此外还有一种反对真理的谦逊。这是一种贵族式的对于真理的漠视,有如我们所见得,拜拉特(Pilatus)对于基督所表示的态度。拜拉特问道:"真理是什么东西?"意思是说,一切还不是那么一回事,没有什么东西是有意义的。他的意思颇似梭罗门所说的:一切都是虚幻的——这样一来,便只剩下主观的虚幻了。

  更有一种畏缩也足以阻碍对于真理的认知。大凡心灵懒惰的人每易于这样说:不要那样想,以为我们对于哲学研究是很认真的。我们自然也乐意学一学逻辑,但是学了逻辑之后,我们还不是那样。他们以为当思维超出了日常表象的范围,便会走上魔窟;那就好象任他们自身漂浮在思想的海洋上,为思想自身的波浪所抛来抛去,末了又复回到这无常世界的沙岸,与最初离开此沙岸时一样地毫无所谓,毫无所得。

  这种看法的后果如何,我们在世界中便可看得出来。我们可以学习到许多知识和技能,可以成为循例办公的人员,也可以养成为达到特殊目的的专门技术人员。但人们,培养自己的精神,努力从事于高尚神圣的事业,却完全是另外一回事。

  而且我们可以希望,我们这个时代的青年,内心中似乎激励起一种对于更高尚神圣事物的渴求,而不会仅仅满足于外在知识的草芥了。

  附释二:认思维为逻辑学的对象这一点,是人人所赞同的。但是我们对于思维的估价,可以很低,也可以很高。一方面,我们说:这不过是一个思想罢了。——这里的意思是说,思想只是主观的,任意的,偶然的,而并不是实质本身,并不是真实的和现实的东西。另一方面,我们对于思想,也可以有很高的估价,认为只有思想才能达到至高无上的存在、上帝的性质,而其感官则对上帝毫无所知。我们说,上帝是精神,我们不可离开精神和真理去崇拜上帝。但我们承认,可感觉到的或感性的东西并不是精神的,而精神的内在核心则是思想,并且只有精神才能认识精神。精神诚然也可表现其自身为感觉(例如在宗教里),但感觉的本身,或感觉的方式是一事,而感觉的内容又是另一事。感觉的本身一般是一切感性事物的形式,这是人类与禽兽所共有的。这种感觉的形式也许可以把握最具体的内容,但这种内容却非此种形式所能达到。感觉的形式是达到精神内容的最低级形式。精神的内容,上帝本身,只有在思维中,或作为思维时,才有其真理性。在这种意义下,思想不仅仅是单纯的思想,而且是把握永恒和绝对存在的最高方式,严格说来,是唯一方式。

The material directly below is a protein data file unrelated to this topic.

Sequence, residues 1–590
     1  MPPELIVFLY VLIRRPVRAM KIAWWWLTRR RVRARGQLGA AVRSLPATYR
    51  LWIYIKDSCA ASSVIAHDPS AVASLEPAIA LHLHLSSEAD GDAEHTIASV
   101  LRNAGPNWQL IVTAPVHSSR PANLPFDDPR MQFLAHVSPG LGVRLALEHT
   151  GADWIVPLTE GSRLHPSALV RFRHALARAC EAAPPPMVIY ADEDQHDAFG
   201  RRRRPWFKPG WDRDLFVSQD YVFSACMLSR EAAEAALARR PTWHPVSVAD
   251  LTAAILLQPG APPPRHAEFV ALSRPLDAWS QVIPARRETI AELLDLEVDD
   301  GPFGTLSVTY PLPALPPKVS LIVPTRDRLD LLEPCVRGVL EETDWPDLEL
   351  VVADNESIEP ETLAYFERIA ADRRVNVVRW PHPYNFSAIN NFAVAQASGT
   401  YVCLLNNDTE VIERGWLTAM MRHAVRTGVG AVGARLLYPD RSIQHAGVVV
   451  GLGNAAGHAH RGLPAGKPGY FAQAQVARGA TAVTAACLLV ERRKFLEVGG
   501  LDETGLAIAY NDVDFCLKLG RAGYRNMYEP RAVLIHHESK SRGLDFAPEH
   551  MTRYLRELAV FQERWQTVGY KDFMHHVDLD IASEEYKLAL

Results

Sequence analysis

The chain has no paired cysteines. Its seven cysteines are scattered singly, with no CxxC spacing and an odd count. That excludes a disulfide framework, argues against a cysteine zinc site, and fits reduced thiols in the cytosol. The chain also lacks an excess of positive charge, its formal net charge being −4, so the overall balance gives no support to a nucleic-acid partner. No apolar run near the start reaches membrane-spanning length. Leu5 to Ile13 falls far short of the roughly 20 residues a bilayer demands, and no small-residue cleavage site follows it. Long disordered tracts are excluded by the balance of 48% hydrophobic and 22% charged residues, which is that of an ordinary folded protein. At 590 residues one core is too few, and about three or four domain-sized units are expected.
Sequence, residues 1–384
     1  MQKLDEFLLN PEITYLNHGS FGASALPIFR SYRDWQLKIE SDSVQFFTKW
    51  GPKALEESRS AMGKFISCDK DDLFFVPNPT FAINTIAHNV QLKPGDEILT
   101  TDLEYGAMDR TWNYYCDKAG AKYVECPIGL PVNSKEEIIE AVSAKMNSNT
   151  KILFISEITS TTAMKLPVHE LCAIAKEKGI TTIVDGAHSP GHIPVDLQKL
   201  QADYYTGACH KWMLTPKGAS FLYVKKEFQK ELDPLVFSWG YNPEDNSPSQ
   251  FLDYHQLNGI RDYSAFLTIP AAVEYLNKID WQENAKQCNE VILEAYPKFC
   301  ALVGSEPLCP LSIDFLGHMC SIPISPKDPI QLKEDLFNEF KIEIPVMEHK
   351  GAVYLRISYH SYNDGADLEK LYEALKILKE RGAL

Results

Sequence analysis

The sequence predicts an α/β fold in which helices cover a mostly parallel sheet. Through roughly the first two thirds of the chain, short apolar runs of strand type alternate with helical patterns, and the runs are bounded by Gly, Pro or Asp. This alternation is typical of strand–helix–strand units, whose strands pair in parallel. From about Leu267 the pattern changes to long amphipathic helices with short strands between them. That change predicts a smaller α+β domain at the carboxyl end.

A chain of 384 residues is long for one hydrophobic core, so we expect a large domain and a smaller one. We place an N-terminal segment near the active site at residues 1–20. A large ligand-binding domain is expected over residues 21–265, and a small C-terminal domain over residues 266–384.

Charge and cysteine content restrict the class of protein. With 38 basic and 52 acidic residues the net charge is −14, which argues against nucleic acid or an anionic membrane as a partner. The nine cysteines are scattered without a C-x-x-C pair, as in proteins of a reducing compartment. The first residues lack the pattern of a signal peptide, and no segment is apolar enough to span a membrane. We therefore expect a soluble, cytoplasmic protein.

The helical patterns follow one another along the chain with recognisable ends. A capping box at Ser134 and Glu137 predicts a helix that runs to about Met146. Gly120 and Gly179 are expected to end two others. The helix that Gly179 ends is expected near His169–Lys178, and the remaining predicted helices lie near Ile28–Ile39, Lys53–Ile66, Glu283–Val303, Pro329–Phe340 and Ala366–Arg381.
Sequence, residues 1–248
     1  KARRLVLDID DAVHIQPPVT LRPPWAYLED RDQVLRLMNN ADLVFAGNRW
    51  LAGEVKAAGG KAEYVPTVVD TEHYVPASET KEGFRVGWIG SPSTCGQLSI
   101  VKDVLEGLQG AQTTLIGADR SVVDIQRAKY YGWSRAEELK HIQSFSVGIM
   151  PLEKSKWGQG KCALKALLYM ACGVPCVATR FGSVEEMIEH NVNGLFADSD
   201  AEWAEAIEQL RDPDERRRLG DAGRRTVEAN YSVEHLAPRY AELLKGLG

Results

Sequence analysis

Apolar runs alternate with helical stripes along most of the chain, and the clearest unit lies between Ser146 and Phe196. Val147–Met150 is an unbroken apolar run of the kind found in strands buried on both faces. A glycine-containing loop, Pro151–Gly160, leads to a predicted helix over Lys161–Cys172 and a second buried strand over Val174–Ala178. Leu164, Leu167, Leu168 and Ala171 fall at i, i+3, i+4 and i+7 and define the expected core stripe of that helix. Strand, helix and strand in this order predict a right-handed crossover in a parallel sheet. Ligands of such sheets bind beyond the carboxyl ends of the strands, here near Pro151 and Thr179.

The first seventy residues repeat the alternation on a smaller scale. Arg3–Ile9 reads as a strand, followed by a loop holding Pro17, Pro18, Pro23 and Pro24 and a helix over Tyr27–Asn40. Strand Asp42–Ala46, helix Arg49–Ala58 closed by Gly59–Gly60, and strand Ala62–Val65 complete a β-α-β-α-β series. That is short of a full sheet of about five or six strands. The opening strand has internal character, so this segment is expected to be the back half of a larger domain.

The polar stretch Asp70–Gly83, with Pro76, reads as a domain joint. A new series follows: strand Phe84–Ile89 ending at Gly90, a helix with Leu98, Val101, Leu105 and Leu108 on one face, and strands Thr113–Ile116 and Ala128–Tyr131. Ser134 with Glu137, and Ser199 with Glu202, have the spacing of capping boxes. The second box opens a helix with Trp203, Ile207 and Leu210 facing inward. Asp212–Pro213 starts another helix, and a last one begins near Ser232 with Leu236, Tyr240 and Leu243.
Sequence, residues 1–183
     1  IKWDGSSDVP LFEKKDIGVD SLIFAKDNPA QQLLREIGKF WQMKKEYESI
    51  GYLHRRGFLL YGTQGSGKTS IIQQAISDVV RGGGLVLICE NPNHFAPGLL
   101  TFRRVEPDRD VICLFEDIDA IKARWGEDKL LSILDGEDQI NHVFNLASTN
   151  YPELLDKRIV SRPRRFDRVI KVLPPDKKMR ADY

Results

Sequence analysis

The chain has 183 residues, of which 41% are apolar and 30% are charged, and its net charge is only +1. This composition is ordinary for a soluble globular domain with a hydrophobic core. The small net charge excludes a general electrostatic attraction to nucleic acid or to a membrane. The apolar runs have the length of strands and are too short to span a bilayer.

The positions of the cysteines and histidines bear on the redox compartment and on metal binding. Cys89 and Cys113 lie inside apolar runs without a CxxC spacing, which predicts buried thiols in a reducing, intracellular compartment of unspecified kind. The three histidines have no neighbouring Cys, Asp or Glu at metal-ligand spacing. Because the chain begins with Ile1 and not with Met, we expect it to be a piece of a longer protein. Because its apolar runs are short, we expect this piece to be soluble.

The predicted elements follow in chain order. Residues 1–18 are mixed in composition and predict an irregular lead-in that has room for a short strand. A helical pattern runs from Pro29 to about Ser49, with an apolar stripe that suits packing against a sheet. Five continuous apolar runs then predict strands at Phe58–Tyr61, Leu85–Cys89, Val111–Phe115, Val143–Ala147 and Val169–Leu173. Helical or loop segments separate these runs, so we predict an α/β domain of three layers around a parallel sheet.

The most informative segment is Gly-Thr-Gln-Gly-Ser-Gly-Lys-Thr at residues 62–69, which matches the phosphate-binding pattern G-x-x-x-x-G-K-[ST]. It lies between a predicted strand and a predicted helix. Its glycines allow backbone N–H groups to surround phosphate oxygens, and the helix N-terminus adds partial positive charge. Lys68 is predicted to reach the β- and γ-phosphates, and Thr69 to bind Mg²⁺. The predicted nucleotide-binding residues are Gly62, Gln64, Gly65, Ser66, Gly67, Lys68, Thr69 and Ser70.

对于以思想为对象的科学,也是和思想一样,有很高或很低的估价。有人以为,每个人无须学习逻辑都能思考,正如无须研究生理学,都能消化一样。即使人研究了逻辑之后,他的思想仍不过与前此一样,也许更有方法一些,但也不会有多大的变化。如果逻辑除了使人仅仅熟习于形式思维的活动外,没有别的任务,则逻辑对于我们平时已经同样能够作的思维活动,将不会带来什么新的东西。其实旧日的逻辑也只有这种地位。此外,一方面,对于人来说,思维的知识即使只是单纯的主观活动也是对他很光荣而有兴趣的事。因为人之所以异于禽兽即由于人能知道他是什么,他作什么。而且另一方面,就逻辑作为研究思维的科学来看(思想既是唯一足以体验真理和最高存在的活动),逻辑也会占有很高的地位。所以,如果逻辑科学研究思维的活动和它的产物(而思维并不是没有内容的活动,因为思维能产生思想,而且能产生它所需要的特定思想),那么逻辑科学的内容一般讲来,乃是超感官的世界,而探讨这超感官的世界亦即遨游于超感官的世界。数学研究数和空间的抽象对象。数学上的抽象还是感性的东西,虽然是没有特定存在的抽象的感性东西。思想甚至于进一步"辞别"〔或脱离〕这种最后的感性东西,自由自在,舍弃外的和内的感觉,排斥一切特殊的兴趣和倾向。对于有了这样基础的逻辑学,则我们对于它的估价,当然会较一般人通常对于逻辑的看法为高。

  附释三:认识到比起那单纯形式思维的科学具有更深意义的逻辑学的需要,由于宗教、政治、法律、伦理各方面的兴趣而加强了。从前人们都以为思想是无足重轻,不能为害的,不妨放任于新鲜大胆的思想。他们思考上帝、自然和国家,他们深信只是通过思想,人们就可以认识到真理是什么,不是通过感官,或者通过偶然的表象和意见所能达到。当他们这样思想时,其结果便渐渐严重地影响到生活的最高关系。

传统的典章制度皆因思想的行使而失去了权威。国家的宪章成为思想的牺牲品,宗教受到了思想的打击;许多素来被认作天启的坚固的宗教观念也被思想摧毁了,在许多人心中,传统的宗教信仰根本动摇了。例如在希腊,哲学家起来反对旧式宗教,因而摧毁了旧式宗教的信仰。因此便有哲学家由于摧毁宗教,动摇政治,而被驱逐被处死的事,因为宗教与政治本质上是联系在一起的。这样,思维便在现实世界里成为一种力量,产生异常之大的影响。于是人们才开始注意到思维的威力,进而仔细考察思维的权能,想要发现,思维自诩过甚,未能完成其所担负的工作。思维不但未能认识上帝、自然和精神的本质,总而言之,不但未能认识真理,反而推翻了政府和宗教。因此亟须对于思维的效果或效用,加以辩护,所以考察思维的本性,维护思维的权能,便构成了近代哲学的主要兴趣。

思维被视为一种活动。

文章来源:大耳朵英语--免费实用 http://www.bigear.cn